Because AML usually develops quickly, treatment needs to begin as soon as you are diagnosed. To ensure you receive the best care, your specialist will arrange for a team of health professionals to plan your treatment based on your preferences and needs.
The team will be made up of professionals who have experience managing and supporting a person with AML. Your specialist will tell you when the team will be discussing your case. Immediate treatment is often required for AML, so your team might not be able to meet until after your treatment has begun.
Your team will plan your ongoing care and should discuss the different treatment options with you including the likely outcomes, possible side effects and the risks and benefits.
Your doctor may also suggest you consider taking part in a clinical trial.
Let your team know about any complementary therapies you are using or thinking about trying. Some therapies may not be appropriate, depending on your medical treatment.
There are a number of ways to treat AML. In some cases, more than one type of treatment could be used to get the best outcome.
Intensive chemotherapy is the most common treatment. For some people, very high doses of chemotherapy are needed to effectively treat their AML. There are usually two stages in this treatment: the induction stage to remove the leukaemia cells (remission), and the consolidation stage to help prevent the leukaemia from reappearing.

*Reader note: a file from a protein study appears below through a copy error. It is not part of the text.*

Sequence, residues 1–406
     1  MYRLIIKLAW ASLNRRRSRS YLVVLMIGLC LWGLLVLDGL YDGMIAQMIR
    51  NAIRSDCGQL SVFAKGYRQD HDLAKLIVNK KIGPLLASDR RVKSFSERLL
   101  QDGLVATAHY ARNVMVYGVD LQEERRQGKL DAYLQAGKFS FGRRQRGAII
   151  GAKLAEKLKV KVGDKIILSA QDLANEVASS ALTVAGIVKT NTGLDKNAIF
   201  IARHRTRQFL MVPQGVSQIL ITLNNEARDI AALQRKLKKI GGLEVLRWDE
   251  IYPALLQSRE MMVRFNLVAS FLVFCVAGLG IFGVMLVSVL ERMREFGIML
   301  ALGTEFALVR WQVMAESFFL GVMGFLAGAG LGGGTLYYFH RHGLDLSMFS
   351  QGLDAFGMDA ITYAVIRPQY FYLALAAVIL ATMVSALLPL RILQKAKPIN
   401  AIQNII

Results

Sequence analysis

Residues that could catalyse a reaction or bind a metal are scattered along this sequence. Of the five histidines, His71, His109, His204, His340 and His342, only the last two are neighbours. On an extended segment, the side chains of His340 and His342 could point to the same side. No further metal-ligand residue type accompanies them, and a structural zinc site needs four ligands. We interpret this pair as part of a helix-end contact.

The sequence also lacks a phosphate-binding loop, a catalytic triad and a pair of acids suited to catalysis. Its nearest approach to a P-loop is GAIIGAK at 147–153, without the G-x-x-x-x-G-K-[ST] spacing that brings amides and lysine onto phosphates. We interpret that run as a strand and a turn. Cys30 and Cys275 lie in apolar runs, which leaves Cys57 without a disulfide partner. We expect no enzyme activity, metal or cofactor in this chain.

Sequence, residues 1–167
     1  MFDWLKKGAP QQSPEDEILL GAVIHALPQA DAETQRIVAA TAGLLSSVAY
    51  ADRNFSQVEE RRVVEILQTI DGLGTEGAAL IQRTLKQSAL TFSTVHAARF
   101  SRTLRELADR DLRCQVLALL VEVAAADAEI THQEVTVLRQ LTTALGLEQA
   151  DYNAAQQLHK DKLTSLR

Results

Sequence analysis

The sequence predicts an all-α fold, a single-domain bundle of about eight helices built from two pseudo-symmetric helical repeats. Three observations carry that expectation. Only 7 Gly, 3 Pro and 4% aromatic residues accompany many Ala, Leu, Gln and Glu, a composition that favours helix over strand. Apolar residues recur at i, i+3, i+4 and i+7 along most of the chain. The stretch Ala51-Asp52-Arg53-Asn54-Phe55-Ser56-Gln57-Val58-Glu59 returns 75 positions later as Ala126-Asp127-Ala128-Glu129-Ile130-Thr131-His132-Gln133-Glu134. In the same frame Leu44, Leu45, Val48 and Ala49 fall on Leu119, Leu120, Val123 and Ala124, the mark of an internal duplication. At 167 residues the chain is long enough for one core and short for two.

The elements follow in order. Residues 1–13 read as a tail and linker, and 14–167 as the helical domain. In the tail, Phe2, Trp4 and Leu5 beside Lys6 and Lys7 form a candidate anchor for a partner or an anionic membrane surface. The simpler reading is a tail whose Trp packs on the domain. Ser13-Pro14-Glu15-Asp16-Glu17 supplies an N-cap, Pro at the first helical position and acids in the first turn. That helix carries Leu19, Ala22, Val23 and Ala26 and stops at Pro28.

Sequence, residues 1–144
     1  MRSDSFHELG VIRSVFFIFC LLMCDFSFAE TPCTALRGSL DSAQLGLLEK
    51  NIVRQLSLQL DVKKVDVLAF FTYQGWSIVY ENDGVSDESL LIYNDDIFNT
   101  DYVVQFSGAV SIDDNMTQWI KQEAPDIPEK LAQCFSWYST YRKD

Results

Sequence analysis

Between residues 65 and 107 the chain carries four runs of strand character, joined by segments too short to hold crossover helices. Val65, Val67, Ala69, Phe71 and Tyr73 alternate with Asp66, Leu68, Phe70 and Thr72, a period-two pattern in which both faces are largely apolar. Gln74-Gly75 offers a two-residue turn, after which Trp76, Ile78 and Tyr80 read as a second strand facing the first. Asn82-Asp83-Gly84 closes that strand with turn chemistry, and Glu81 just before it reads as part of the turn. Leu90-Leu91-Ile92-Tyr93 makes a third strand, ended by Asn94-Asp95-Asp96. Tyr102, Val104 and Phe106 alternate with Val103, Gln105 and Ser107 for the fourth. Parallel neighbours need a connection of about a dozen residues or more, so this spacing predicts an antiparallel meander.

Radiation therapy (also called radiotherapy) may be given in combination with chemotherapy or before a stem cell transplant.
Allogeneic stem cell transplant
An allogeneic stem cell transplant (allo-SCT) replaces the blood-forming cells that have been destroyed during intensive chemotherapy or radiotherapy. Stem cells are collected from the blood of a suitable donor and put into the patient’s blood stream through a drip into a vein.
Palliative treatment will be used at different stages to relieve various symptoms and help to improve your quality of life.
Sometimes the leukaemia does not respond to treatment (called refractory disease). Some patients may be offered a stem cell transplant. For people who are not suitable for a transplant, palliative treatment will be offered.
Your doctor should discuss your needs with you during and after treatment (including physical, psychological, social and information needs) and may refer you to another service or health professional for different aspects of your care.
For more information about treatment and treatment side effects ask your doctor or visit www.cancer.org.au/about-cancer/treatment.